The Global Fertiliser Crisis and Africa

By Blessings Chinsinga
June 2008

Political and media attention has rightly been focused on recent increases in food and energy prices and their impacts on consumers and national economies, particularly poor consumers and poor economies but much greater increases in fertiliser prices have received much less attention in industrialised economies.

The impacts of these fertiliser price increases on many countries in Africa, however, are potentially very damaging in their effects on food security, poverty, and long term economic growth. In the many African countries that are heavily dependent on agriculture the impacts of high fertiliser prices and scarcity will extend beyond farmers to affect consumers, export earnings from cash crops, exchange rates, and the whole economy.

Fertiliser price increases

Fertiliser prices have risen dramatically in the last two years, more than oil and staple and cash crop prices (see figure 1). The scale and significance of these price increases is even more dramatic when fertiliser price changes are compared with changes in the prices of the crops they are used to produce. Table 1 shows that the real price of DAP, a major phosphate fertiliser, has increased by 320% over the last two years, and the real price of urea, a major nitrogenous fertiliser, has increased by 160%. Increases in real prices of major food crops were much smaller, though still substantial (increases in rice prices were roughly the same as increases in urea prices). Prices of oil and of export crops, for example cotton, were much more static. Much of the fertiliser price increases have occurred in the last 12 months, and while DAP and crop prices appear to have flattened in the last month or so, urea prices have continued to rise.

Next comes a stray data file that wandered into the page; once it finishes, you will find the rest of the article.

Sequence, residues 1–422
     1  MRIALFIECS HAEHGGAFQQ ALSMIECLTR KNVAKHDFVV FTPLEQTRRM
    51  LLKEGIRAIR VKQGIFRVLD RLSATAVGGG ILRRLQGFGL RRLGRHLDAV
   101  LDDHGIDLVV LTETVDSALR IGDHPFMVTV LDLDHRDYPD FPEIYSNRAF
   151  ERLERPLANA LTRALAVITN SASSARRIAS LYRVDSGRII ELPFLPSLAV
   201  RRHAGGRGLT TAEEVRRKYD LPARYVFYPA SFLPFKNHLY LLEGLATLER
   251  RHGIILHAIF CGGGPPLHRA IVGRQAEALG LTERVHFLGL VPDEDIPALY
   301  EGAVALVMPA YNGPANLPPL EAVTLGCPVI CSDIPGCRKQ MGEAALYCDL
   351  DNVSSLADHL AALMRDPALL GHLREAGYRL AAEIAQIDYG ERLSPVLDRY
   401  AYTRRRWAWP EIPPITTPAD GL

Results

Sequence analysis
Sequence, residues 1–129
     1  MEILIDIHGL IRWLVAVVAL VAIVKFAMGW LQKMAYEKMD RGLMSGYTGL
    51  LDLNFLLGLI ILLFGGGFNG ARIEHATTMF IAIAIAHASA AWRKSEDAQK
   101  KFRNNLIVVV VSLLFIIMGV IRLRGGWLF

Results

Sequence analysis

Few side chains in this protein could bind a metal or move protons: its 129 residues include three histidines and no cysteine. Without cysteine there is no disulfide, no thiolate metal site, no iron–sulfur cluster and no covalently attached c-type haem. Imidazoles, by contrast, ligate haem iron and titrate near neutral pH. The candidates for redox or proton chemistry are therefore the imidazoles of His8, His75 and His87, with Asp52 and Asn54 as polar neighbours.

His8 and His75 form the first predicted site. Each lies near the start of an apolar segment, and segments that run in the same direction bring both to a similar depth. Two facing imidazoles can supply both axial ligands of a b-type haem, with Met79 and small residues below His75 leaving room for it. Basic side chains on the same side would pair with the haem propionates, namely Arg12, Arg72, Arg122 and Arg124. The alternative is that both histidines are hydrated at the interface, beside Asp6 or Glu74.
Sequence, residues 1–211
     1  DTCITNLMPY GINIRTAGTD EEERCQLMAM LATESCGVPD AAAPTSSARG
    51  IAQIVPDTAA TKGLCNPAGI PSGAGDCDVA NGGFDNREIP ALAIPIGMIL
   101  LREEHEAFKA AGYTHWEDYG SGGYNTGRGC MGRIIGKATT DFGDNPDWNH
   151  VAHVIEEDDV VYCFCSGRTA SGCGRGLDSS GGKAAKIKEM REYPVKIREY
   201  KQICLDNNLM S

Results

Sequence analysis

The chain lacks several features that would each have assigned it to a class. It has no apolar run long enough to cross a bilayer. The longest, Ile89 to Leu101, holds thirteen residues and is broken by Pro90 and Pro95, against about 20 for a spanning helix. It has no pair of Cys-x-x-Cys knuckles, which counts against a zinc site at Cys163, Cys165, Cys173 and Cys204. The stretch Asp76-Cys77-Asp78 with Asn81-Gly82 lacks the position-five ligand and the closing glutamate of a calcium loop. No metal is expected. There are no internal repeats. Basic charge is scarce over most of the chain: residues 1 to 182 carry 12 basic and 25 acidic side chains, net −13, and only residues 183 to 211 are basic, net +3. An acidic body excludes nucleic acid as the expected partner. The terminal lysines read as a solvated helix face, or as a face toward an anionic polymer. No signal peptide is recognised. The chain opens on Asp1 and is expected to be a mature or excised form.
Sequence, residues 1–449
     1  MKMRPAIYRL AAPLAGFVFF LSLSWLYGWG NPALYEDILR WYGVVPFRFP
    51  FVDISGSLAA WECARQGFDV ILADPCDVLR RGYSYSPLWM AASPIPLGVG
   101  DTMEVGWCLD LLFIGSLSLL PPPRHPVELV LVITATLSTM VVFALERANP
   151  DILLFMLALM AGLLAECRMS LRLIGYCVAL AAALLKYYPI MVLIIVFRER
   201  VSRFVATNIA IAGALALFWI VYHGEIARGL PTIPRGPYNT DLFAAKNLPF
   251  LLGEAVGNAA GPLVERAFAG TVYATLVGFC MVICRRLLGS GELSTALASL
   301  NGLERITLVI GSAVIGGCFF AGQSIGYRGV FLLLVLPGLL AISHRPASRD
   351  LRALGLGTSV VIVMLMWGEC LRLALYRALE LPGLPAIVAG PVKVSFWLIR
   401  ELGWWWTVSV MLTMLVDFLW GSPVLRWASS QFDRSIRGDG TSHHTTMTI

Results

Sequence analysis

There are a number of reasons for these dramatic increases in fertiliser prices. Demand has increased as a result of higher food prices and increased use in biofuel production. Supply has been affected by increasing energy costs (which are particularly important in producing nitrogenous fertilisers), the introduction of export tariffs on some fertilisers (for example by China in April 2008), and capacity limits in expanding production to meet rising demand – particularly for phosphate rock. These influences have to be seen in the context of large shifts of funds into commodities, particularly into commodity index funds. These shifts have been encouraged by the fall in the value of the US dollar and low US interest rates, with the development of new commodity index investment instruments and funds (Masters, 2008).{jathumbnail off}{jcomments off}